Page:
Does Coconut Oil Help With Weight Loss?

Coconut oil with sliced coconut
Jessica Boone / Getty Images

Coconut oil is popping up everywhere these days, from hair products to skin creams. More than ever, people are using it as a go-to ingredient in the kitchen with hopes that it’ll help with weight loss. But will it?

The most cited reason for why coconut oil could be good for weight loss has to do with its chemical composition. Unlike most other cooking oils, coconut oil is made up of medium-chain fatty acids instead of long-chain fatty acids.

Why does that matter? The medium ones are metabolized differently from their longer counterparts. They travel to the liver faster which means they’re less likely to be stored as fat. Studies have found that participants who consumed medium-chain fatty acids burned more energy and absorbed less fat than those who consumed long-chain fatty acids.

Another popular assertion is that coconut oil helps suppress appetite. Some people go so far as to consume a couple of tablespoons straight each morning. Studies do show that coconut oil hinders the accumulation of body fat but that’s only compared to other oils. It’s definitely not magic! Simply adding coconut oil to your diet won't deter fat from accumulating.

The reason that coconut oil could suppress your appetite is that it's full of healthy fat and the calories that come with it. If you have a serving of coconut oil 20 minutes before a meal, you probably will eat less during that meal, mostly because you’ve already consumed a significant amount of fat.

If you decide to try using it as an appetite suppressant, pay extra attention to your overall food intake.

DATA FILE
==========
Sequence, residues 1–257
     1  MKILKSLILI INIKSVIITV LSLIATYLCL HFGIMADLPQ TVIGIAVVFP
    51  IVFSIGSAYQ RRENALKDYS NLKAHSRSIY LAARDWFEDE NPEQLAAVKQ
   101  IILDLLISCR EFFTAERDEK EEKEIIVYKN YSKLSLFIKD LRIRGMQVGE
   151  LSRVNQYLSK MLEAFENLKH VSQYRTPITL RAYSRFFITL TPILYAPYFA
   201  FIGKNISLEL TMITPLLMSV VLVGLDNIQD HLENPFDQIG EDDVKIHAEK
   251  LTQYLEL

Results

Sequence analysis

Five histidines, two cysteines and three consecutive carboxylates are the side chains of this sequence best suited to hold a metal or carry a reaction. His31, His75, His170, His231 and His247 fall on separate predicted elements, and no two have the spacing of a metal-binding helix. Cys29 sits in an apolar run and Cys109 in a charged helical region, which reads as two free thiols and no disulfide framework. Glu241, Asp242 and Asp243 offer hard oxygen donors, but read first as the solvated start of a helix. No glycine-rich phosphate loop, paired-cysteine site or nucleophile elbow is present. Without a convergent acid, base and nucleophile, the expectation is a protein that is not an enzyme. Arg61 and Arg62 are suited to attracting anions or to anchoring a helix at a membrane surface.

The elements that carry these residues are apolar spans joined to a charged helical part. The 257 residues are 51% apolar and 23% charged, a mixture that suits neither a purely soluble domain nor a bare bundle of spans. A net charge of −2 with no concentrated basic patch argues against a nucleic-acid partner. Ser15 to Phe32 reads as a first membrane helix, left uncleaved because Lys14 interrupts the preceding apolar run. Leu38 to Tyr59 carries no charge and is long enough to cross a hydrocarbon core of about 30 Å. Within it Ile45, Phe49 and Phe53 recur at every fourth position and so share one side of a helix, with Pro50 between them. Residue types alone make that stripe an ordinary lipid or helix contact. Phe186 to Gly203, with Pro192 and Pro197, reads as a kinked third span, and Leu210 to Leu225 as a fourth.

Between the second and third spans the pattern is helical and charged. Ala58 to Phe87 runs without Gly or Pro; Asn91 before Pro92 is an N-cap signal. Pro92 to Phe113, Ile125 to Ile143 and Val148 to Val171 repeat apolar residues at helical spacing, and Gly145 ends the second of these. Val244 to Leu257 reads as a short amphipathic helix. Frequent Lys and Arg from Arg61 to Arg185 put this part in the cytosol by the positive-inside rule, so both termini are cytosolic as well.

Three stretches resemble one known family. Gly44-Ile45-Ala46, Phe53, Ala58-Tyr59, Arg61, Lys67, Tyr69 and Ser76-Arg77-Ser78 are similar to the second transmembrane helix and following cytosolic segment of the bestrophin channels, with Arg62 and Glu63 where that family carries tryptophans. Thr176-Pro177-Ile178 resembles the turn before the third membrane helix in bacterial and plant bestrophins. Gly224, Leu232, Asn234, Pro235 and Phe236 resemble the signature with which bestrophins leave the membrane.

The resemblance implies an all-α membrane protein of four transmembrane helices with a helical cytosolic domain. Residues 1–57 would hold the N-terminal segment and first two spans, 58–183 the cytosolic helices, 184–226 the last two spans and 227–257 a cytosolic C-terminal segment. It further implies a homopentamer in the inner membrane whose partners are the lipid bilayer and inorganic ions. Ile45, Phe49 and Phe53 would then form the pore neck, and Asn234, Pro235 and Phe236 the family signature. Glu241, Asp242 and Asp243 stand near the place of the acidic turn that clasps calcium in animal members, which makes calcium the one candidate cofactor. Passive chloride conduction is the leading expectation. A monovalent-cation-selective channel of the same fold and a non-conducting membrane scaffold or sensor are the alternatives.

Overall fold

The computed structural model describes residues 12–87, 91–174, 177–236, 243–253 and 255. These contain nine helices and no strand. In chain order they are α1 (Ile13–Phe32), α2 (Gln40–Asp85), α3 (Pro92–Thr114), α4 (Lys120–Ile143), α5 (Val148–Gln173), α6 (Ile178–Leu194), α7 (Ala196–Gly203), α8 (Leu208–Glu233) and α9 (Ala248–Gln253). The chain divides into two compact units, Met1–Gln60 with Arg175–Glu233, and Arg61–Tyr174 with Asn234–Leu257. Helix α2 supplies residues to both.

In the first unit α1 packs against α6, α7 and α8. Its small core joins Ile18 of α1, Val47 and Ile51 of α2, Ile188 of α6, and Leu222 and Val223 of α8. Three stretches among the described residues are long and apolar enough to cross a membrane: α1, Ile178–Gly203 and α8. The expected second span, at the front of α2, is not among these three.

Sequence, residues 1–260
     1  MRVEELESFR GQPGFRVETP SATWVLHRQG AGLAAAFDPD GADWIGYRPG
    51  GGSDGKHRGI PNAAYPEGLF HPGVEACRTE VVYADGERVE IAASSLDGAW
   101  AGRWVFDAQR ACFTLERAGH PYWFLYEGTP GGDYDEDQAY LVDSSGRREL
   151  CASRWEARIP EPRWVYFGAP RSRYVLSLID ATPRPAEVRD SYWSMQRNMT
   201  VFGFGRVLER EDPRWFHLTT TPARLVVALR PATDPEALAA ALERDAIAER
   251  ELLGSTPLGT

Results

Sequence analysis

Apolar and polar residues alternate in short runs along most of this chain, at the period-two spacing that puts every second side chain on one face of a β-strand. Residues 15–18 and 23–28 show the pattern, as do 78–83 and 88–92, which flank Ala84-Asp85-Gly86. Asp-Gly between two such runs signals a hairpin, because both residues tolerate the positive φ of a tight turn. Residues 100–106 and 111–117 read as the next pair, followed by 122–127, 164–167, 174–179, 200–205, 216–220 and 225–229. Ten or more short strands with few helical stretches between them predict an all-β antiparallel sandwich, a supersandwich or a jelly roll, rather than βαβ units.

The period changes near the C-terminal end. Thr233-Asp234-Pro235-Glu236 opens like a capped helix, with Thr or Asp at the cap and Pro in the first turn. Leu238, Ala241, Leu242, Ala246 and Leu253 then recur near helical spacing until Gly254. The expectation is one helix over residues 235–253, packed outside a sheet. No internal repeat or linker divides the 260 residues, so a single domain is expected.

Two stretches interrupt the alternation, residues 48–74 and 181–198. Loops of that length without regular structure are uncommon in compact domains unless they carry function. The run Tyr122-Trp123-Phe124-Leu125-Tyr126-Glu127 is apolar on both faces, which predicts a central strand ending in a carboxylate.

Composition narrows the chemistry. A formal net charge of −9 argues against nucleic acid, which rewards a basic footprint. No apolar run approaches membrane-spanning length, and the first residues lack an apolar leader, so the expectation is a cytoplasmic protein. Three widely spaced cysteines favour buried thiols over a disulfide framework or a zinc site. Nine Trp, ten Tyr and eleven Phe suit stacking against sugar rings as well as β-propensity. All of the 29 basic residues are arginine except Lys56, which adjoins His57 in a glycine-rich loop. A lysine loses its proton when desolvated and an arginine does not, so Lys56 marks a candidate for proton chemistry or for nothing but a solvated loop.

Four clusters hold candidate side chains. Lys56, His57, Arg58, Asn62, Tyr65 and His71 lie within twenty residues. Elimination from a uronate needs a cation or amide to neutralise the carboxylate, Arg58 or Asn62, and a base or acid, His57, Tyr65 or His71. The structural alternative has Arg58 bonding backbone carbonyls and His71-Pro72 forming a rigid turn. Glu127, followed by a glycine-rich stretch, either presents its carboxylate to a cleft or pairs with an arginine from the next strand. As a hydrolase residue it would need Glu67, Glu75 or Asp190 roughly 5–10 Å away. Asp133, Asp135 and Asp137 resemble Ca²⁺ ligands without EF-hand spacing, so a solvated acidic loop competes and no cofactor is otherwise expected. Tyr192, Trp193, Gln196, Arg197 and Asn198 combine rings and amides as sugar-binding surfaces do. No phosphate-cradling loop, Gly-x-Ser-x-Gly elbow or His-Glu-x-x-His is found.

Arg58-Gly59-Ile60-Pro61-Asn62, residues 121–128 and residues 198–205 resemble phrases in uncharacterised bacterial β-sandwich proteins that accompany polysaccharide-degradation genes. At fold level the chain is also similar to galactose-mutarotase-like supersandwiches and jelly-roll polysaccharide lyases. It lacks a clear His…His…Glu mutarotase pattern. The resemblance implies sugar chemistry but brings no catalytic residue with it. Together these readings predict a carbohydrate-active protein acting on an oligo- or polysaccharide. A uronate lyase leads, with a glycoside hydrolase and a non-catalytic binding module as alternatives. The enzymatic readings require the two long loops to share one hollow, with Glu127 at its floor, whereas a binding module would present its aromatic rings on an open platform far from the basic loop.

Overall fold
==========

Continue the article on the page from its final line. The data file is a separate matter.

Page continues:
So, it’s unlikely that adding coconut oil to your diet without making other healthy food, exercise, or lifestyle changes will help you lose weight. And since coconut oil is pretty calorie dense - each tablespoon has around 120 calories and 14 grams of fat - it could actually cause you to gain weight if you just tack it onto your daily food consumption.

Think of coconut oil as a replacement for other calorie sources, not an addition to them:

  • Try replacing olive oil with coconut oil in your recipes. The two are basically identical in terms of fat and calories and both have a fairly mild taste.
  • Use it in a stir-fry made with healthy foods that are low in calories. If you’re counting calories or watching your weight, it’s probably not a good idea to add coconut oil to a skillet meal made with salmon and walnuts (both of which are pretty dense in calories and fat). Instead, start with lean protein, like skinless chicken breast, tilapia, or shrimp. Then add your favorite fresh vegetables - mushrooms, sugar snap peas, or bell peppers. Whatever you like! Add a tablespoon of coconut oil and stir-fry it up.
  • For a taste of coconut oil without the calorie commitment, try Pam’s Simply Coconut Oil Spray.  A 1/4-second spray is officially calorie-free and without fat, but a 1-second spray is likely to have 5-10 calories and 0.5-1g fat.

Tip: Another food that’s high in calories but rumored to help with weight loss?


Beauty Bonus: Coconut oil is an excellent moisturizer for hair and nails - and you won’t consume any calories by spreading it onto your face and fingers! 

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